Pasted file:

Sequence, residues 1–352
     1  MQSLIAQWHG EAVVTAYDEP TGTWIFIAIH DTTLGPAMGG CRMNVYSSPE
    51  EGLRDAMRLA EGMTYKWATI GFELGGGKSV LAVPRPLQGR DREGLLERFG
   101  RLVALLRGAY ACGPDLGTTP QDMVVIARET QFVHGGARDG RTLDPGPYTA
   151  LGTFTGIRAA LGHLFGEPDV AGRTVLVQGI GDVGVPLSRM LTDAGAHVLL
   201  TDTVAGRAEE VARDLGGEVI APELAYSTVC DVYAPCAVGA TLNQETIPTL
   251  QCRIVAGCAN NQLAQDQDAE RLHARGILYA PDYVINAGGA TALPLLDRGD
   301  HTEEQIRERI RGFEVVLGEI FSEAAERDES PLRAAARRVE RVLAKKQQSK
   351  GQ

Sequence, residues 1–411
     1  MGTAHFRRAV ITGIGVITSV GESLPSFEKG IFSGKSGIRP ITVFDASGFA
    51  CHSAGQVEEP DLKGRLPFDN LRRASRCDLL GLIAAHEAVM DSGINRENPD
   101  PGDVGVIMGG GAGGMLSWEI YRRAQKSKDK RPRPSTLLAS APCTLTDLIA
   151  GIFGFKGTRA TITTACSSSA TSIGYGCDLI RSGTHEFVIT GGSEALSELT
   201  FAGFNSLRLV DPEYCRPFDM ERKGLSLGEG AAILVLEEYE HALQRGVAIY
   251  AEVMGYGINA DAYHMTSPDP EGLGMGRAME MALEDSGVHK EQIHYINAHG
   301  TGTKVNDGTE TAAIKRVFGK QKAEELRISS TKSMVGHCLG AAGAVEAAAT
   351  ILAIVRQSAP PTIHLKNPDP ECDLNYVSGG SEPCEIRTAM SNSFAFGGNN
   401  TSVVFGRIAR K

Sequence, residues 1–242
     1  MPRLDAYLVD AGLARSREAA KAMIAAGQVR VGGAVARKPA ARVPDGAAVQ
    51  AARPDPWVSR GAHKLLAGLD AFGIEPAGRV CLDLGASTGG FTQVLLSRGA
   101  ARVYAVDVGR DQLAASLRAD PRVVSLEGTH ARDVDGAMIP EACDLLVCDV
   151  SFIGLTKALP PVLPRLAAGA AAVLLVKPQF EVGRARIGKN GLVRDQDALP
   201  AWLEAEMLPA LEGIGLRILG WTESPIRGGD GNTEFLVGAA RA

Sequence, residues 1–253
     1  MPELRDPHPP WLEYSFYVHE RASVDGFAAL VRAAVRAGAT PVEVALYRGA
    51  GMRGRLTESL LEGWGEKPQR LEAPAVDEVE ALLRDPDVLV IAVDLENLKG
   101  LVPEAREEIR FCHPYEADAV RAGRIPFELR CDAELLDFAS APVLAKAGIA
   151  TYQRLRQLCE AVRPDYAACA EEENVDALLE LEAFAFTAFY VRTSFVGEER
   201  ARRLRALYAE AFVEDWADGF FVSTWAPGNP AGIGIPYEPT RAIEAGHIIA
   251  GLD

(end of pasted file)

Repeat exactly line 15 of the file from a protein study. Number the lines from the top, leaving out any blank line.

   201  FAGFNSLRLV DPEYCRPFDM ERKGLSLGEG AAILVLEEYE HALQRGVAIY